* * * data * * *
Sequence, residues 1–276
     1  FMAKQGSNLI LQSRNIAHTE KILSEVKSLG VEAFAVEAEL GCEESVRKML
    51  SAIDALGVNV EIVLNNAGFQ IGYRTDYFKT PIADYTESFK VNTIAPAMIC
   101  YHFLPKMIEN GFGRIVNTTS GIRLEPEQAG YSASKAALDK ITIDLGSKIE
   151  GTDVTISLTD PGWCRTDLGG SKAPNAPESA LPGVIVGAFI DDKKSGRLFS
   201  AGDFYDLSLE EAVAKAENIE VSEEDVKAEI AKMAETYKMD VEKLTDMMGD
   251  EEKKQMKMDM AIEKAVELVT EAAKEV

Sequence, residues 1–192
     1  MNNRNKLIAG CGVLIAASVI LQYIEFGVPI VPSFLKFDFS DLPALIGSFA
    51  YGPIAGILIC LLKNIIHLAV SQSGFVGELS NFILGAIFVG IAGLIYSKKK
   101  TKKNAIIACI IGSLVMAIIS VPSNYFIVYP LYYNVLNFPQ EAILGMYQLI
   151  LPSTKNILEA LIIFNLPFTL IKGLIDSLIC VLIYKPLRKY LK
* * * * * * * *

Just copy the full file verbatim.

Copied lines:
Sequence, residues 1–276
     1  FMAKQGSNLI LQSRNIAHTE KILSEVKSLG VEAFAVEAEL GCEESVRKML
    51  SAIDALGVNV EIVLNNAGFQ IGYRTDYFKT PIADYTESFK VNTIAPAMIC
   101  YHFLPKMIEN GFGRIVNTTS GIRLEPEQAG YSASKAALDK ITIDLGSKIE
   151  GTDVTISLTD PGWCRTDLGG SKAPNAPESA LPGVIVGAFI DDKKSGRLFS
   201  AGDFYDLSLE EAVAKAENIE VSEEDVKAEI AKMAETYKMD VEKLTDMMGD
   251  EEKKQMKMDM AIEKAVELVT EAAKEV

Sequence, residues 1–192
     1  MNNRNKLIAG CGVLIAASVI LQYIEFGVPI VPSFLKFDFS DLPALIGSFA
    51  YGPIAGILIC LLKNIIHLAV SQSGFVGELS NFILGAIFVG IAGLIYSKKK
   101  TKKNAIIACI IGSLVMAIIS VPSNYFIVYP LYYNVLNFPQ EAILGMYQLI
   151  LPSTKNILEA LIIFNLPFTL IKGLIDSLIC VLIYKPLRKY LK